Friday, April 2, 2010

Welcome, Pulp Duo Kohl and Beetner

We met Eric Beetner at Left Coast Crime recently and like most of our noir-writing guy friends, he is delightful, a gentleman of the old school. We haven't met JB Kohl yet but we like her already - how can you not like a chick who's into both boxing and belly-dancing?

One of the things that makes this pair really intriguing is that they have written a well-received novel together while living on opposite coasts - and they have never met in person or even spoken on the phone!

In fact, they have grown quite superstitious about it - they are now in the middle of a second novel and have no plans to meet.

Eric: So nice to invited to the Pens Fatales to talk about a subject we know well.

Publishing a book opens the door to a whole new world of mortification. For One Too Many Blows To The Head, which was my first published work, my most mortifying moment came during my launch party.

The Mystery Bookstore in LA was kind enough to host a signing for me and I felt awfully darn cool to be sitting where so many crime and mystery luminaries had read before me. Adding my name to their famed jail registry sign-in book was a real honor.

As the date approached it became clear that due to a shipping error I would be having a signing event with no books to sign. I held my chin up, read out of my proof copy and took pre-orders. We made it work but I’d be lying if I said it wasn’t crushingly embarrassing. Serves me right for thinking I was cool for even a second.

Although we’ve never met in person I will say I was slightly mortified to hear that my co-author, JB Kohl, is an amateur belly dancer. No more mortified than her kids I’m sure...

JB: MORTIFIED?? I'm shocked. Actually, the type of dance I do is tribal, which is very gypsy-like and done in a group. Also, belly dancers wear more clothing than the average cheerleader. I could go on and on about the health benefits, the core strengthening, etc. but I won't. Ahem. What I will say is that I do things like dancing lessons – either ballroom or belly – or guitar lessons, or anything else I can think of to get me out of my comfort zone. Things that make me do things I wouldn't normally be comfortable doing prepare me for "mortifying" situations--such as getting caught in the midst of a dispute between a publisher and a bookstore owner, which happened to me a couple of years ago. Talk about mortifying . . .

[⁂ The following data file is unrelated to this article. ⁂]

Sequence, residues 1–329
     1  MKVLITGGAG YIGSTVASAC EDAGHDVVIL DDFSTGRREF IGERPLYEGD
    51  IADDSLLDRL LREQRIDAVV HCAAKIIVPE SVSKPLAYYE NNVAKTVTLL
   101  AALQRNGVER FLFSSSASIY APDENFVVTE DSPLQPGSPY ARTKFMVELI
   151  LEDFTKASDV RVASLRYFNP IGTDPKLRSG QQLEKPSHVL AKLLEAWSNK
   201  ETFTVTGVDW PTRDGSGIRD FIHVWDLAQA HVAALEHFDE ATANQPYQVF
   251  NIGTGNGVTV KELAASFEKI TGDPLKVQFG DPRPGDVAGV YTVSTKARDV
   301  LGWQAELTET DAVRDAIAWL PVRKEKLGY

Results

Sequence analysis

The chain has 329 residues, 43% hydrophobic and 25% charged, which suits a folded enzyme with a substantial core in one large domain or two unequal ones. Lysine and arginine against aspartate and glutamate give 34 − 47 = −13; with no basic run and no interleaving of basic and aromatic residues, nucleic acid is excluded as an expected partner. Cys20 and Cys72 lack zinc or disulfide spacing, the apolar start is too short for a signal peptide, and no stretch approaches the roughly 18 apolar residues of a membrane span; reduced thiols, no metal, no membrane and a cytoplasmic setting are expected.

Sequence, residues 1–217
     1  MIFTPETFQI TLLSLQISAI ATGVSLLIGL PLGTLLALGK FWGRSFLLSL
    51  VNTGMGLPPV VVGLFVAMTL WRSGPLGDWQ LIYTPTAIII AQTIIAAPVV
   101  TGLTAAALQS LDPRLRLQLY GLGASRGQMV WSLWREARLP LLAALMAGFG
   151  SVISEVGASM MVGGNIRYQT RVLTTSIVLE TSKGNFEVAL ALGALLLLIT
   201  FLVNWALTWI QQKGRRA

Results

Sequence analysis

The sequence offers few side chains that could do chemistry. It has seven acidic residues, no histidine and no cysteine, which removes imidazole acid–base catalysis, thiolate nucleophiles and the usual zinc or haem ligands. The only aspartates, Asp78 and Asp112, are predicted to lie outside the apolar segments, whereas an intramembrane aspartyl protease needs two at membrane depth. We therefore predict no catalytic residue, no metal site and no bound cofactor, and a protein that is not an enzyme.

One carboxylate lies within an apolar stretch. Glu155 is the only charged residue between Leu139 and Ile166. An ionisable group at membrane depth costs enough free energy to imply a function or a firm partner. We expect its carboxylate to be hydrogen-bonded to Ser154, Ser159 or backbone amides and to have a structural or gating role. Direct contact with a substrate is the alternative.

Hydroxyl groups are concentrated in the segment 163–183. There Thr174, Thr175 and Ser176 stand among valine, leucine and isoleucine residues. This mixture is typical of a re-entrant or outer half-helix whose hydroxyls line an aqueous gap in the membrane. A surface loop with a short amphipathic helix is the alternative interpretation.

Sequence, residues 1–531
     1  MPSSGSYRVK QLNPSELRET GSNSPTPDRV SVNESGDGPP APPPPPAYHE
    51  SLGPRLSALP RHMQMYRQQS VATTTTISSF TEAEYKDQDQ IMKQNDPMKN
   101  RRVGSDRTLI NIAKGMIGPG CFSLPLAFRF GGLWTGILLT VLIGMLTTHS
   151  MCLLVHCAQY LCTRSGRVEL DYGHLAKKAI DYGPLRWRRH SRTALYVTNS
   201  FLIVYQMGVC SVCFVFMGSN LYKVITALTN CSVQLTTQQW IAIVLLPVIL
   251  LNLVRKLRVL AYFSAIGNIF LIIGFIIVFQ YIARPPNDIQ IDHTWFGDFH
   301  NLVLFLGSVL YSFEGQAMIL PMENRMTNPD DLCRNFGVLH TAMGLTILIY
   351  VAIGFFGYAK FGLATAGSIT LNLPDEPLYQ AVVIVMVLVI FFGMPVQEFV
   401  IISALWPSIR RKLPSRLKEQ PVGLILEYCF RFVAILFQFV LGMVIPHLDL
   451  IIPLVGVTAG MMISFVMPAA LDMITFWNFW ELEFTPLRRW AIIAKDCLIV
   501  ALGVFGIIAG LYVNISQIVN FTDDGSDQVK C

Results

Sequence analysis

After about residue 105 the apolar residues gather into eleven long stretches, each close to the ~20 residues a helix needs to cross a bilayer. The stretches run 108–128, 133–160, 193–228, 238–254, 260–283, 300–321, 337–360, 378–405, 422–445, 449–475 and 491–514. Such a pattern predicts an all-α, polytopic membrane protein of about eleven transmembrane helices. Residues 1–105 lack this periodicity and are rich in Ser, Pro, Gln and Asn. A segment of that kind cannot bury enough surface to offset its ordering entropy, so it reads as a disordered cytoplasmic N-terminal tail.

So VIVA la BELLY DANCE baby. Oh, and as for my kids? They think it's pretty cool. They're used to having an eccentric mother.

Eric: I also recently saw some first hand mortification when Pens Fatale’s own Sophie Littlefield spoke at Left Coast Crime on a panel about mystery writers who write with a dose of humor. I entered the room to see the entire panel donning rainbow clown wigs. One glance and it was obvious this was not Sophie’s idea.

It is a feeling we all know. It is something visceral and deep down and very relatable. To be clear there is a difference between mortifying and embarrassing. To me it is that gut feeling. Embarrassment will flush your face but mortification will turn your stomach. It’s deeper.

Writing a character in a mortifying situation makes them human and sympathetic. Even in the extraordinary circumstances of a crime novel everyone can relate to that feeling of fear and nausea.

JB: I think you and I handle mortifying situations for our characters in different ways. I noticed that Ray Ward is a very proactive character. When in a mortifying situation, his actions move the scene and the reader can feel his dismay and disgust and bewilderment. That's tough stuff to write and you do it very well. Fokoli is different. The proactive movements of his past as well as the current case he's on lead him to be a reactive character throughout One Too Many Blows To The Head. In a mortifying situation – whether it's the shambles of his home life caused by his past behavior, or the crime scene caused by Ray Ward, his actions are reactive rather than proactive like Ray's.